Indiana Repertory Theatre again loses bid for COVID-related ‘physical loss’ coverage

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(IL file photo)

The Court of Appeals of Indiana has once again rejected a request by the Indiana Repertory Theatre to hold that COVID-related closures during the height of the pandemic equated to “physical loss” under the theater’s insurance policy. This time, the appellate court ruled that virus particles do not cause physical loss or damage.

The case of Indiana Repertory Theatre, Inc. v. The Cincinnati Casualty Company, 21A-CP-2848, returned to the COA after the court ruled in January 2022 that the IRT could not claim loss-of-use coverage under its insurance policy because the theater was not physically damaged by the pandemic. The Indiana Supreme Court denied transfer to the case last summer.

Prior to the COA’s January 2022 opinion, the IRT had pursued an alternative theory for recovery in the Marion Superior Court: The virus was present in the theater and physically altered the air and surfaces, thus creating a qualifying “physical” loss that would entitle the theater to insurance coverage.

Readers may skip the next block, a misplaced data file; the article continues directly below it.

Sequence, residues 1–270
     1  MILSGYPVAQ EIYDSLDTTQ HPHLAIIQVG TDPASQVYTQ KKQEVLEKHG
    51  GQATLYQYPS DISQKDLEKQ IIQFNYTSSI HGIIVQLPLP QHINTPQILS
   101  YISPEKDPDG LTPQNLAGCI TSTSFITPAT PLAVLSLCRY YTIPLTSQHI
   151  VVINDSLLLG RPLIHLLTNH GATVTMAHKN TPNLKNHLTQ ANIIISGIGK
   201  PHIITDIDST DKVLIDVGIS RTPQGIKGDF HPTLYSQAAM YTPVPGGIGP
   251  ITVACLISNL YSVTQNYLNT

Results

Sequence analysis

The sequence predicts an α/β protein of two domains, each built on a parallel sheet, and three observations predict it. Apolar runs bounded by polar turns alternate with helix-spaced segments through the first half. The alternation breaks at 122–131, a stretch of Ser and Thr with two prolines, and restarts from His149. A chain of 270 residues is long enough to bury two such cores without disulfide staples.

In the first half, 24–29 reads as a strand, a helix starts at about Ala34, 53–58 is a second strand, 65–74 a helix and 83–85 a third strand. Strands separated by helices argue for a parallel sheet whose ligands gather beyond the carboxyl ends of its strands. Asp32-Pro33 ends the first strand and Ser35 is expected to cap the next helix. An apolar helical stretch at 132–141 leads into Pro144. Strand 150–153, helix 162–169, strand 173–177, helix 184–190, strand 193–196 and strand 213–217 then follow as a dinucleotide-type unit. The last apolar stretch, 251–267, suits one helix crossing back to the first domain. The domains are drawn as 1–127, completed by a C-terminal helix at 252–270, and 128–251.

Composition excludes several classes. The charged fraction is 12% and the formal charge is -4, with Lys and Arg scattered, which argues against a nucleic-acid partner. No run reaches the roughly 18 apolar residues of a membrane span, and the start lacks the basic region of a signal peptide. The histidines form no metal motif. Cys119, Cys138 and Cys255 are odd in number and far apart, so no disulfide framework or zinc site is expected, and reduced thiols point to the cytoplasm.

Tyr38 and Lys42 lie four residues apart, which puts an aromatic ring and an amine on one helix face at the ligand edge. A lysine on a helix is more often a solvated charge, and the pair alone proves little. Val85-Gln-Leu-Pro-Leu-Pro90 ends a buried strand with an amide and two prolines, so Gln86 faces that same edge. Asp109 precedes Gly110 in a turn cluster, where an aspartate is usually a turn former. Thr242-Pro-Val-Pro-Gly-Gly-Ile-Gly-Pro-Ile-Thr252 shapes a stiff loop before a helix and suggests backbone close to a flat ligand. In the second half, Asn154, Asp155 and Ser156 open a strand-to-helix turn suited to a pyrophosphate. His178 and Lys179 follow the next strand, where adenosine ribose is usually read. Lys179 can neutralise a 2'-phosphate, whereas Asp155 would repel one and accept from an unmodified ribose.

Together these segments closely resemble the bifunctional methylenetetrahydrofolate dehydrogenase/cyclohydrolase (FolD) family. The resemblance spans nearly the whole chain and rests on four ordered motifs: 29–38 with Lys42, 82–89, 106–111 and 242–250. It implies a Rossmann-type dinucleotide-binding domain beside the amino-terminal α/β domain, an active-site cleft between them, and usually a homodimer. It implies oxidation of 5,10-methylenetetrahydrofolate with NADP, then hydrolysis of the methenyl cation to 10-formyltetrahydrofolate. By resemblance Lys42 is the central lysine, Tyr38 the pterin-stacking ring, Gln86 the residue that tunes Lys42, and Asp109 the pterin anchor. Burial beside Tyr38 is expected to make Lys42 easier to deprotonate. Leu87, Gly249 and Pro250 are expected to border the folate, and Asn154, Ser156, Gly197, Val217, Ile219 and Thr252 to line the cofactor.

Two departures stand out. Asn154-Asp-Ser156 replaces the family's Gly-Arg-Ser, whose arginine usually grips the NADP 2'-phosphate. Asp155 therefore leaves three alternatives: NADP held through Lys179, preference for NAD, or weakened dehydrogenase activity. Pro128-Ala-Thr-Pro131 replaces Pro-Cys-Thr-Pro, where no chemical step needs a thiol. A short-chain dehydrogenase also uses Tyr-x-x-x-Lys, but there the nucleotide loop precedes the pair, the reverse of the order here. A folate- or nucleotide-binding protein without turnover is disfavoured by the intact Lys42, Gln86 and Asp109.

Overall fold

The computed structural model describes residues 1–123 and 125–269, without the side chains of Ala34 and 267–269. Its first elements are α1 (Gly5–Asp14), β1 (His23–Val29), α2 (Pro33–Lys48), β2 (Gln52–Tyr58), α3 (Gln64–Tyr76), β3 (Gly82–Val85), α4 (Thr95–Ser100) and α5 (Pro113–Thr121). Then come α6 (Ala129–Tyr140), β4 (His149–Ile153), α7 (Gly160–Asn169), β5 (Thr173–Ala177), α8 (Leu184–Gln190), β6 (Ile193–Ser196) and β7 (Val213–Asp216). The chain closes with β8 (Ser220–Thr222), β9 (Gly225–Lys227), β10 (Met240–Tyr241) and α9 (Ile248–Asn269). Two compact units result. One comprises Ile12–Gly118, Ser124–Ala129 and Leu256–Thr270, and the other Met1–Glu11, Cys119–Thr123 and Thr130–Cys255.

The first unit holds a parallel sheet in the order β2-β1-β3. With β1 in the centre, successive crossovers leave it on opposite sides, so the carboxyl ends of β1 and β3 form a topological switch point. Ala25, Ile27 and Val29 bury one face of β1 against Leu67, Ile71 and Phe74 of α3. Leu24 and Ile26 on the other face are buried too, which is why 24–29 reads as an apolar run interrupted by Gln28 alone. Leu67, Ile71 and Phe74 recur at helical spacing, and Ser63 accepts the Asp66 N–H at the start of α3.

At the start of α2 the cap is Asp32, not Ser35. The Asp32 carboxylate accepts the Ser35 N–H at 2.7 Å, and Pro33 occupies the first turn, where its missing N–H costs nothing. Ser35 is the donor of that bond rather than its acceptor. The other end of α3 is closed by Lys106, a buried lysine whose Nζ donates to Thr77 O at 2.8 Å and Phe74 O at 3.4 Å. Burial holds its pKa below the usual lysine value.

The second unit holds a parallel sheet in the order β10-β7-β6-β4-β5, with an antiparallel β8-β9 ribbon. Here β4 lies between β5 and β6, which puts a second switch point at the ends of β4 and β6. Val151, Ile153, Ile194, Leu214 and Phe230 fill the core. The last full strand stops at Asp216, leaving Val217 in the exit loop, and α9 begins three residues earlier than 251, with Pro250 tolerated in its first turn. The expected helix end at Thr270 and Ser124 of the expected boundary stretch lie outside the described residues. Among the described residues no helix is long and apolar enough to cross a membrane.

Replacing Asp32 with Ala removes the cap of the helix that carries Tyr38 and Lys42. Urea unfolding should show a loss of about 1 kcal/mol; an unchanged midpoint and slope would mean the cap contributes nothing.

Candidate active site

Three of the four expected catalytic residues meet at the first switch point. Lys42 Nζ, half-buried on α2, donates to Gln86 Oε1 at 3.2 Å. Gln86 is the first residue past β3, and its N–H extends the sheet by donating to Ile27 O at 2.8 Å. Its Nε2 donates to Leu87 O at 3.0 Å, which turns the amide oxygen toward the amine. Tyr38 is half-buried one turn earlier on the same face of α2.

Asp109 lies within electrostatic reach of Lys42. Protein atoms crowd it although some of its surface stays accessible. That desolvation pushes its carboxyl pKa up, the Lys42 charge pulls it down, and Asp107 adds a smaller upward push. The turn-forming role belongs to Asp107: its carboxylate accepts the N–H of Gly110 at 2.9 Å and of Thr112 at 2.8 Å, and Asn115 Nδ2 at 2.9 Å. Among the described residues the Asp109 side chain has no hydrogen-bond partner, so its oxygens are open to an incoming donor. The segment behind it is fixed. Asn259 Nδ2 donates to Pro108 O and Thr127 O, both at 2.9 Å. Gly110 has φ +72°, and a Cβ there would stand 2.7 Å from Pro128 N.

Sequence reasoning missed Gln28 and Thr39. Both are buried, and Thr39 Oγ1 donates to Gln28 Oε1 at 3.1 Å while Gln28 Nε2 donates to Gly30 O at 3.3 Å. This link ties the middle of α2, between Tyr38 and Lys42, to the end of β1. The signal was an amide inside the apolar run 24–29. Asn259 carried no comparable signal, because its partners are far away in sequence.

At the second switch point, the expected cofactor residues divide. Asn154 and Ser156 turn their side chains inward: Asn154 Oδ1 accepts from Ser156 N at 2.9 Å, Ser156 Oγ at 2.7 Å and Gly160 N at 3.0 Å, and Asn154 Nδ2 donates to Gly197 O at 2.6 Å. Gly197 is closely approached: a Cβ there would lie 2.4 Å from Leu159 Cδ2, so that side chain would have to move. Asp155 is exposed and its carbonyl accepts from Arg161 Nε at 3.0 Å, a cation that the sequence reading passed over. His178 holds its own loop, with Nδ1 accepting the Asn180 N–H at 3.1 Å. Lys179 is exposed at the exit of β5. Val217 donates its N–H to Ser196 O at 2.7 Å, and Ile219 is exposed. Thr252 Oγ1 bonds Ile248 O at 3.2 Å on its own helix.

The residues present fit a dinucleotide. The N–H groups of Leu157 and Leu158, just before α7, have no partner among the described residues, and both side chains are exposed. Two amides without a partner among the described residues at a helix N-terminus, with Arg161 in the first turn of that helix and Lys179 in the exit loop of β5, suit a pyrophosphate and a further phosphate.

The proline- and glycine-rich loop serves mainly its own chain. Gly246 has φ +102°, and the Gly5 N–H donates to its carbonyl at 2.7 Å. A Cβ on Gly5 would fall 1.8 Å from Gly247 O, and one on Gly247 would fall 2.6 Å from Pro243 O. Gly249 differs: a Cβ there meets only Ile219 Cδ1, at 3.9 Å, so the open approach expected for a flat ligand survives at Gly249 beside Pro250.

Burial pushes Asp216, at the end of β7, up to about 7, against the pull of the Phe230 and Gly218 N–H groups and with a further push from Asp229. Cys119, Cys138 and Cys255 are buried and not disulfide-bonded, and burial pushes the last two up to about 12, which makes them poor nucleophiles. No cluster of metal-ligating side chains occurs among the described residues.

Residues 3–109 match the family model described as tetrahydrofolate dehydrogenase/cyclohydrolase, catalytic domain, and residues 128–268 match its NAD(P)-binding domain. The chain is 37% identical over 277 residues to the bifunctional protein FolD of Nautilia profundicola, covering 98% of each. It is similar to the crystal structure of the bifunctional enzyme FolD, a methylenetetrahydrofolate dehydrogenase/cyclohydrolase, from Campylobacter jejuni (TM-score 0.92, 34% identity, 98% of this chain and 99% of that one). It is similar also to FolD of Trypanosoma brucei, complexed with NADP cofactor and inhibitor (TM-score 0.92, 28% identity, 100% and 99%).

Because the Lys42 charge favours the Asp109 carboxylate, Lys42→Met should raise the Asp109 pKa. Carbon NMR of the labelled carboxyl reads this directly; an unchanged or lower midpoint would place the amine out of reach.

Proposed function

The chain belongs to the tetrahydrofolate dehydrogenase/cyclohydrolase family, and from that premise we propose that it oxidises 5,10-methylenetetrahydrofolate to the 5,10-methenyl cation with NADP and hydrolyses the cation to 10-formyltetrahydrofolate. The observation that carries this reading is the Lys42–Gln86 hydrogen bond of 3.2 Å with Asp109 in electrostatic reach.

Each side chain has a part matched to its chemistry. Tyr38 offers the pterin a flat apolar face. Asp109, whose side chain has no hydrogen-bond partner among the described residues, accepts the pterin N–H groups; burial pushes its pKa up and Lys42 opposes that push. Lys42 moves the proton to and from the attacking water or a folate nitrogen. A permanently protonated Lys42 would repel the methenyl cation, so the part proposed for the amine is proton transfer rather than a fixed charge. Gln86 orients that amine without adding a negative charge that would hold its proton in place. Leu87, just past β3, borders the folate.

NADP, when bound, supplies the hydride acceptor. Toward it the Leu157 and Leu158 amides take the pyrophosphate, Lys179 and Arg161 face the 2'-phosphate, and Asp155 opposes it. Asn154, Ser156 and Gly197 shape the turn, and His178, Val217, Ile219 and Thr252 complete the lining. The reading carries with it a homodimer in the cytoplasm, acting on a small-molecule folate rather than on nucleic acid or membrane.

The trial court rejected that argument in December 2021, and the Court of Appeals affirmed on Monday.

“Ultimately, the (trial) court believed ‘IRT and its experts conflate the potential presence of SARS-CoV-2 inside the theatre with physical alteration to property.’ We agree with and adopt all these conclusions,” Judge Nancy Vaidik wrote. “Moreover, as IRT acknowledges, the trial court’s decision is consistent with the great weight of authority from around the country. … We agree with the courts that have distinguished the COVID virus from the contamination at issue in the pre-COVID cases cited by IRT.

“… The issue in this case is not whether IRT lost income because of the COVID-19 pandemic. It undoubtedly did, just like countless other businesses,” Vaidik continued. “The issue is whether that loss is covered by IRT’s insurance policy. The answer is no, because the COVID virus did not physically alter the theatre or otherwise render it physically useless or uninhabitable. We therefore affirm the trial court’s grant of summary judgment for Cincinnati.”

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